White Sox

Chris Beck encouraged by gains after frustrating end to last season


Chris Beck encouraged by gains after frustrating end to last season

GLENDALE, Ariz. — After all the uncertainty he faced last year in regard to his ulnar collateral ligament, Chris Beck couldn’t have expected to be in this position.

He’s less than four months removed from surgery, yet the White Sox pitching prospect feels strong enough to think about mechanics and adjustments before his next throwing session.

On Friday, Beck, who had surgery Nov. 4, received positive feedback from some of the White Sox heaviest hitters during a live batting practice session.

Given all he experienced from June to November, worrying he might need Tommy John surgery and the ensuing rehab, Beck is fortunate to be where he is. If continues on the same path, Beck — who made his major league debut last season — should begin the season at Triple-A Charlotte.

“Today was great,” Beck said. “Felt good. Still feeling some things out.

“But to see that I was competing already, it says a lot.”

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He knows it's crazy that he’s here, what with the whirlwind of events he experienced.

Shortly before he suffered the injury that has led to a frustrating nine months, Beck was in a great place. The former second-round draft pick (2012) had thrown the ball better than ever, with a 3.30 ERA at Triple-A Charlotte. Then on May 28, the White Sox temporarily promoted and started Beck in the second game of a doubleheader at the Baltimore Orioles — the “pinnacle” of his career, he said.

But in his next start on June 3, Beck delivered a pitch and immediately knew something was wrong. He left the game after four scoreless innings.

“I just had like this jolt like a super muscle cramp run through my arm, and I knew it didn’t feel right,” Beck said.

Beck pitched for Charlotte again June 13 but left after only four innings. It was his last game of the season.

From there, Beck tried two different throwing programs and both failed.

He left Camelback Ranch where he’d been rehabbing and went home to rest on Aug. 25.

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Still experiencing pain in his forearm and numbness in his hand several months later, Beck called the White Sox. He traveled to Chicago on Nov. 3 and had an ulnar nerve transposition the next day.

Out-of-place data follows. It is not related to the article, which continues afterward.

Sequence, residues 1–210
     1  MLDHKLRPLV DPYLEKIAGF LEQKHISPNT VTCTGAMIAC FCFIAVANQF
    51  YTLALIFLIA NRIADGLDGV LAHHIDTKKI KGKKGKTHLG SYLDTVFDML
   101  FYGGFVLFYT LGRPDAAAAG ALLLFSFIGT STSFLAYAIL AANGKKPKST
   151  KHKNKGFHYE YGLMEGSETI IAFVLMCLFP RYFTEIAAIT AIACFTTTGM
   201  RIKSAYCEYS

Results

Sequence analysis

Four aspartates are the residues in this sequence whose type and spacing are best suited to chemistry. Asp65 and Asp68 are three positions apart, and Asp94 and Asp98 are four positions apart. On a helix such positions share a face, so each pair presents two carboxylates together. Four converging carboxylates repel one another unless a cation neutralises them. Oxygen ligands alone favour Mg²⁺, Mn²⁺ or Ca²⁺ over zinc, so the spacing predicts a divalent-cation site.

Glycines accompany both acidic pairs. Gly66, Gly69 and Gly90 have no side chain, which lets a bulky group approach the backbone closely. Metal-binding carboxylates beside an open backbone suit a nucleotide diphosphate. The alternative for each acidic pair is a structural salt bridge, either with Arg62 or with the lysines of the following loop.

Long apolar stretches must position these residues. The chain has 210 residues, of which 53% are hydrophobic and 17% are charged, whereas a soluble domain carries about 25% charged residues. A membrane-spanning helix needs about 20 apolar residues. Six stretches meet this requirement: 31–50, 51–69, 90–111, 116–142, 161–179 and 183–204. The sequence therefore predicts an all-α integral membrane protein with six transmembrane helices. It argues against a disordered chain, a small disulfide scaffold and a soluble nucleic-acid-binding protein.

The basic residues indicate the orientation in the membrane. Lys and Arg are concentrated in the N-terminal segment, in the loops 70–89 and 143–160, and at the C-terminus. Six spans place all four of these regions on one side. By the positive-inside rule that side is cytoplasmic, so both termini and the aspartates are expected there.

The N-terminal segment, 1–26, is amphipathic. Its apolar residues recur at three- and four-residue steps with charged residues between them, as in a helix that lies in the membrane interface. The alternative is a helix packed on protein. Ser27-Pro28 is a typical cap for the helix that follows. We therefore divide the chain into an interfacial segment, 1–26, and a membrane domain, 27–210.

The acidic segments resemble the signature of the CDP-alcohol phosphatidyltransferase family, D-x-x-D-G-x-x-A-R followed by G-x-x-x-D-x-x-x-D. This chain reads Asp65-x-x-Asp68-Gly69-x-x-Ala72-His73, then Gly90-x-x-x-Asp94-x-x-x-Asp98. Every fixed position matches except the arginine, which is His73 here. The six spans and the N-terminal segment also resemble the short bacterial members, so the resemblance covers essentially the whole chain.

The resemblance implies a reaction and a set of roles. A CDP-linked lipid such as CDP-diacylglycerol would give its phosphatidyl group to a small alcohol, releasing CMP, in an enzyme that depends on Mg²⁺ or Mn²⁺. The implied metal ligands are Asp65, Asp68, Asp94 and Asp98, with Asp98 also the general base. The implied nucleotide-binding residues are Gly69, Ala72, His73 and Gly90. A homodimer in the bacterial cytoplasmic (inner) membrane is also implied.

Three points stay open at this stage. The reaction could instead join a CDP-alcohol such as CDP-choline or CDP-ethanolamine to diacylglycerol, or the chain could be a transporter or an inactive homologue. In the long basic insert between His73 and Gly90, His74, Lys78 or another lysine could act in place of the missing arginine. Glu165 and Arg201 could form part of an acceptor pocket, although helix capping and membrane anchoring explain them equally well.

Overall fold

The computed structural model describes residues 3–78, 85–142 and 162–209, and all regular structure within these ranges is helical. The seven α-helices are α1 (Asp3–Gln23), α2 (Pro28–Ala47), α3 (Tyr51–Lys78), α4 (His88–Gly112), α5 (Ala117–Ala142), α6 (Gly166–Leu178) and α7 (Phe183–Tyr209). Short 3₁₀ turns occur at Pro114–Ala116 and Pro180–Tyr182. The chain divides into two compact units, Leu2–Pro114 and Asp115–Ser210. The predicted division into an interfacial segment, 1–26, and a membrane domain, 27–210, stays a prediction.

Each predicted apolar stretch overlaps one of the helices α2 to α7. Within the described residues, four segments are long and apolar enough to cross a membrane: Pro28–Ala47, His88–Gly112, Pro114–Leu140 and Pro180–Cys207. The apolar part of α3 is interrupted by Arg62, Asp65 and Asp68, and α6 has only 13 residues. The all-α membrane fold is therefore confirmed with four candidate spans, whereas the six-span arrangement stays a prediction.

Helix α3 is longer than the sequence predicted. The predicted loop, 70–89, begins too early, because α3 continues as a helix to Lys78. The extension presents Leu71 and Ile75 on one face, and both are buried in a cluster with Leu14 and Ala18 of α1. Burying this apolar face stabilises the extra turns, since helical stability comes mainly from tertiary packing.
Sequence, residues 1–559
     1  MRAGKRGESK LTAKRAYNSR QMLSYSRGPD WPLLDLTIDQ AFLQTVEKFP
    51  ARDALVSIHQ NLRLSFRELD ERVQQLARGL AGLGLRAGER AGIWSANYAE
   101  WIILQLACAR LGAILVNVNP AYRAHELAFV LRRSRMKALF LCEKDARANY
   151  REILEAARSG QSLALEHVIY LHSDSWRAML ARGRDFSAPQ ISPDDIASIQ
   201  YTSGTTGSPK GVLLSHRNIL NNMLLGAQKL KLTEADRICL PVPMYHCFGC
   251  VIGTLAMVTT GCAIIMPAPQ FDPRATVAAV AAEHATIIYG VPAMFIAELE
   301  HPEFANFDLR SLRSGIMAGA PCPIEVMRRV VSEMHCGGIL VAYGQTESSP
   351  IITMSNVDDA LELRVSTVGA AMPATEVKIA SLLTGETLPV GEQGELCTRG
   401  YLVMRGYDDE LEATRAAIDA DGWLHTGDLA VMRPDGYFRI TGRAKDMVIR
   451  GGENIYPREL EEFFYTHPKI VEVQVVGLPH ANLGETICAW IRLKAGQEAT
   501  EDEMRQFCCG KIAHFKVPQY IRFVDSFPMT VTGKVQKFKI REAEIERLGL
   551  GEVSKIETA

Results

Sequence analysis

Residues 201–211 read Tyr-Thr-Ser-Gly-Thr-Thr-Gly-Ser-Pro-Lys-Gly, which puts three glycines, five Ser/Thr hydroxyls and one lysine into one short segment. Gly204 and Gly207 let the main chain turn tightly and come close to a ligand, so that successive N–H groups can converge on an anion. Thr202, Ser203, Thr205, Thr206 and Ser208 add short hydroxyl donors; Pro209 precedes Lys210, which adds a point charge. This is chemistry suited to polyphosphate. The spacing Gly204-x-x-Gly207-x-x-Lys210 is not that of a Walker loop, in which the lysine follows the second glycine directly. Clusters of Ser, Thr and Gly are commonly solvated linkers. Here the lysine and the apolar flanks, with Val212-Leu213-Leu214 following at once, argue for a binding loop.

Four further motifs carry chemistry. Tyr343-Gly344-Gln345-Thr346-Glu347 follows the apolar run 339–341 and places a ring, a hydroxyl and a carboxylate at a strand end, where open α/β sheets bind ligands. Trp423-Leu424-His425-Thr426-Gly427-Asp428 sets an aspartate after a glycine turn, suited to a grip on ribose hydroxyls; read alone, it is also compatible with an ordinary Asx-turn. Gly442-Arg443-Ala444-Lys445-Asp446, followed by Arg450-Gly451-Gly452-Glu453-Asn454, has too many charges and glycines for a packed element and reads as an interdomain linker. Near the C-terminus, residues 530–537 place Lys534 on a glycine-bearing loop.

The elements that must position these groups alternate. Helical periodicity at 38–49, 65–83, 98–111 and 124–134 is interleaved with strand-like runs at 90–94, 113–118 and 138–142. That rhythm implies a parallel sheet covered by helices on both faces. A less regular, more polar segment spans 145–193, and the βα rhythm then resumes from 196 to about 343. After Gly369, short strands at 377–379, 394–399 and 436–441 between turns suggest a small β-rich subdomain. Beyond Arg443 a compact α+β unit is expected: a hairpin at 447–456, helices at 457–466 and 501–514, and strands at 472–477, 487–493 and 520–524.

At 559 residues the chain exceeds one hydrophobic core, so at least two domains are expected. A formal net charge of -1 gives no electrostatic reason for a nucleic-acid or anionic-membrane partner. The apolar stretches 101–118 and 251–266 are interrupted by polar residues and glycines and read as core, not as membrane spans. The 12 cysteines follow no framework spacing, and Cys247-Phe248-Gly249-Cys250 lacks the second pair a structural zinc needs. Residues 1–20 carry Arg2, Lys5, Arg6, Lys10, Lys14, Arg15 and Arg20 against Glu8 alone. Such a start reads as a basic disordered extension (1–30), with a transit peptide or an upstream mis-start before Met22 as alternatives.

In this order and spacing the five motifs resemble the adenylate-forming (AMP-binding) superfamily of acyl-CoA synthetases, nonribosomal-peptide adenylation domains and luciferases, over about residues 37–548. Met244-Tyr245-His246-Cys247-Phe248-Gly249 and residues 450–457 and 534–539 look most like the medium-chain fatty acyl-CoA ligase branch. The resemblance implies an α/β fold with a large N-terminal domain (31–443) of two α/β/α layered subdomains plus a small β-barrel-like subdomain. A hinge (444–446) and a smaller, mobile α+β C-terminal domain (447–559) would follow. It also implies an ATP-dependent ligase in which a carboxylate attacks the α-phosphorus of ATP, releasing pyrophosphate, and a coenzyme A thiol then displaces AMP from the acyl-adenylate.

“The good news was it wasn’t Tommy John,” Beck said. “It looked like it because there was fluid between the nerve and ligament. It had all the signs of me going under the knife and missing a year of baseball.”

Because it was a transposition and not Tommy John, Beck quickly regained range of motion and was back in action three weeks later.

He has worked overtime since to return to baseball shape. Beck arrived in Phoenix on Jan. 1 to work with the White Sox training staff. Not only did he start his throwing program at the same time he normally does, he had begun to play catch earlier than normal. He’s currently on a normal schedule for spring training.

“Chris was communicating with our medical coordinator and they lined out a plan, and he’s followed it to a T,” said Del Matthews, assistant director of player development. “He’s been great. He’s actually been ahead of schedule. That’s all good and exciting for him, and you just hope he doesn’t have any setbacks and he’s able to go out and compete and showcase his best stuff.”

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Jose Abreu, Brett Lawrie, Todd Frazier and Adam LaRoche got a look at what Beck had on Friday and came away impressed. Catcher Kevan Smith, who was behind the plate at Charlotte when Beck got hurt, received solid reviews from the hitters as they stood in to hit.

Smith relayed those thoughts to Beck in between innings.

“Granted, it’s early and a lot of those guys are tracking right now,” Smith said. “But to have that caliber of hitter to say, ‘Hey, this guy’s got some stuff, he’s got a little bit of life.’ That’s good for Chris and for me to hear so I can relay to him and just give him that confidence his arm is coming back and it’s coming back strong.”